Twenty-two years on and still not settling for Mission: Difficult.
Haunted by his past but as determined as ever, IMF agent Ethan Hunt (Tom Cruise) accepts his newest mission: the return of three weapons-grade spheres of plutonium before they can be claimed by the remains of the clandestine Rogue Nation, a group rebranding themselves as “The Apostles.” When the deal goes sour and the spheres are stolen, Secretary Hunley (Alec Baldwin) finds his authority over the IMF undermined by Erica Sloan (Angela Bassett) who wants her trusted agent-with-mustache installed (Henry Cavill) to keep an eye on Ethan after his questionable failure. With his support team of Luther (Ving Rhames) and Benji (Simon Pegg) watching his back along with the apt appearance of an old contact (Rebecca Ferguson), Ethan does what he’s best at — but this time the stakes are not only the world but as personal as they come.
Since re-inventing the television series in 1996 for cinema by ripping up the team dynamic, it took J.J. Abrams directing M:I-3 to bring it back, reinstating a physical team to counter the Bond-like antics of Cruise’s Agent Hunt. Brad Bird carried this concept into Ghost Protocol before director Christopher McQuarrie escalated it into Rogue Nation, establishing a SPECTRE-like organization of former spies fed up with the shallow commands of their political masters. As the first actual sequel to a previous installment, Fallout touches on nearly every Cruise-controlled mission before it, but will recapturing the imagination and adventure for summer audiences translate into continued success at the box office?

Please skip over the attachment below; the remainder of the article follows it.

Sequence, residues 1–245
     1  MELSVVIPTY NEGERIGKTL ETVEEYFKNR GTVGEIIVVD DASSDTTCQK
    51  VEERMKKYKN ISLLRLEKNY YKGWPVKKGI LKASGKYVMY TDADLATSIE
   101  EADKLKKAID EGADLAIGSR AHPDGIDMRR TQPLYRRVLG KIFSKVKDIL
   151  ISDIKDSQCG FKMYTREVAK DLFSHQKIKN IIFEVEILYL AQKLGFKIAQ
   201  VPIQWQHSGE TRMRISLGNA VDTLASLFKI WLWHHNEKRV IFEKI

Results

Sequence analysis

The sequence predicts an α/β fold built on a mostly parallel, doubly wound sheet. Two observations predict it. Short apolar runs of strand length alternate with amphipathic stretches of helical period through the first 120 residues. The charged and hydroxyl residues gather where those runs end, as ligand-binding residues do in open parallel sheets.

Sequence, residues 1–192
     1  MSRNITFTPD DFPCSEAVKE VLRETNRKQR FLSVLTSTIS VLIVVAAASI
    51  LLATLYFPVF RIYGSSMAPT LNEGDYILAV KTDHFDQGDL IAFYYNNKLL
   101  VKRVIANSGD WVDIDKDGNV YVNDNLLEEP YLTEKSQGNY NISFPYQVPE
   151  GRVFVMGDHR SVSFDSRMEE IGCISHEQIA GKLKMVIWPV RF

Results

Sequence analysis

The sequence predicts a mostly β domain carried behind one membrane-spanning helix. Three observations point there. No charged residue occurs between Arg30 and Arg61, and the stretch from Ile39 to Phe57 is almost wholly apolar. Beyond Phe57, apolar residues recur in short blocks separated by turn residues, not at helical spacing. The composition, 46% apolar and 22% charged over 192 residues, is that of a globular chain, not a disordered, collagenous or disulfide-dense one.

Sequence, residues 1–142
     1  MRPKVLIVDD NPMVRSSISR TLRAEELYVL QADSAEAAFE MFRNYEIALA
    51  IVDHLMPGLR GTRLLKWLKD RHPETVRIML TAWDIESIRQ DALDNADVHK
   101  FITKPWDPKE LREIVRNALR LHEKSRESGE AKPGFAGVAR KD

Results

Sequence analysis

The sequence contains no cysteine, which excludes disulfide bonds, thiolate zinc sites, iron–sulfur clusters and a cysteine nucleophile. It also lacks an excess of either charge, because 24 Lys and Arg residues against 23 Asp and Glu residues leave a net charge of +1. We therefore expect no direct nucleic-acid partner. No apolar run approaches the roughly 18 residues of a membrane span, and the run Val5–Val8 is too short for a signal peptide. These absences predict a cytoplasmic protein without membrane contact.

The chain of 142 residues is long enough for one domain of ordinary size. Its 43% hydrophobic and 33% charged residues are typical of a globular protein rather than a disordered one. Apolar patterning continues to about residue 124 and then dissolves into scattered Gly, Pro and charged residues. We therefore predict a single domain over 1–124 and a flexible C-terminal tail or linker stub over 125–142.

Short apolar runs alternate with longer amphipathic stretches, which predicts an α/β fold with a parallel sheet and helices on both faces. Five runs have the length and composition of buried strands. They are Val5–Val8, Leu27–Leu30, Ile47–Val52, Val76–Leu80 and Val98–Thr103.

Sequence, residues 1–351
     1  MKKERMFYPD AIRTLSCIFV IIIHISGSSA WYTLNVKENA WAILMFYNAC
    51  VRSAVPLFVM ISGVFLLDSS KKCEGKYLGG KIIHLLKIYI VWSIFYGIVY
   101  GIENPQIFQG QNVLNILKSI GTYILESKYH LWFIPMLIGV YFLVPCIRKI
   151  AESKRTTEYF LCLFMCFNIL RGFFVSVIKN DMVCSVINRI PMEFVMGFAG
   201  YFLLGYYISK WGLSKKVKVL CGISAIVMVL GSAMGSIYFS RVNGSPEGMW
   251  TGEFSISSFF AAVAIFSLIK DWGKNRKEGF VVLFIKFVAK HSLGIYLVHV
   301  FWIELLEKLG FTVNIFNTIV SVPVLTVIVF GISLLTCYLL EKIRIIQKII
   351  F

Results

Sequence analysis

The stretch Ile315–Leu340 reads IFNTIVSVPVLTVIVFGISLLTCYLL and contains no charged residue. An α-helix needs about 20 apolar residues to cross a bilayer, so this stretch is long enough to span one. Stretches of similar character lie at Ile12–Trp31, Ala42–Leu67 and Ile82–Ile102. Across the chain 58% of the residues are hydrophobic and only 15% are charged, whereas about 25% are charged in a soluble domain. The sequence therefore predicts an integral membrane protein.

In a world where it’s become politically incorrect to accuse an entire nation of being “bad guys,” the spy vs. spy dynamic rules the roost, recently illustrated by the success of Charlize Theron’s Atomic Blonde. The game is no longer out-teching the competition — everyone has access to the same — but to use it in the most unpredictable ways that count on misdirection and taking advantage of spy-thought. By combining a complex plot for thinkers, an action-adventure for thrill-seekers, and a buddy-comedy dynamic for those still on the fence, Mission: Impossible – Fallout is prebuilt to accomplish what few can: appeal to just about everyone and sacrifice nothing for it.
The Cruise/McQuarrie dynamic is now in its third film, hinting at the shorthand and trust these two have in making a film together. While it’s a valid complaint many sequences in Fallout go on too long — the helicopter and motorcycle chases to name two — they’re not without purpose. The film stuffs a lot of plot into two hours and twenty minutes, to the point where Cavill’s character Walker even hangs a lantern on the thought of how over-complicated it is… and he’s right. The best bits are the double-crosses, showing us what’s right in front of us and then showing us what really happened, a clandestine chess game where having the tech toys isn’t as important as exploiting them to their fullest. Getting in on the espionage act briefly this time, Baldwin’s Hunley admits he gets why the IMF enjoys the work.
To the advertising team’s credit, very little is revealed about the actual plot in the trailers, seeding more than a little misdirection with both dream sequences and out-of-order staged stunts, all used to the best effect. If there’s anything bad to be said about the film, it’s predictable in its unpredictability: something always goes wrong and there’s one more unknown variable that pops up at the last moment, so you know nothing goes exactly the way you think it will until the last wire is cut, the bad guy is foiled, and the day is saved. You didn’t buy a movie ticket to watch evil win, did you? That’s what horror films are for.
Mission: Impossible – Fallout is rated PG-13 for violence and intense sequences of action, for brief strong language, you’re going to do what with a helicopter…?!
Four skull recommendation out of four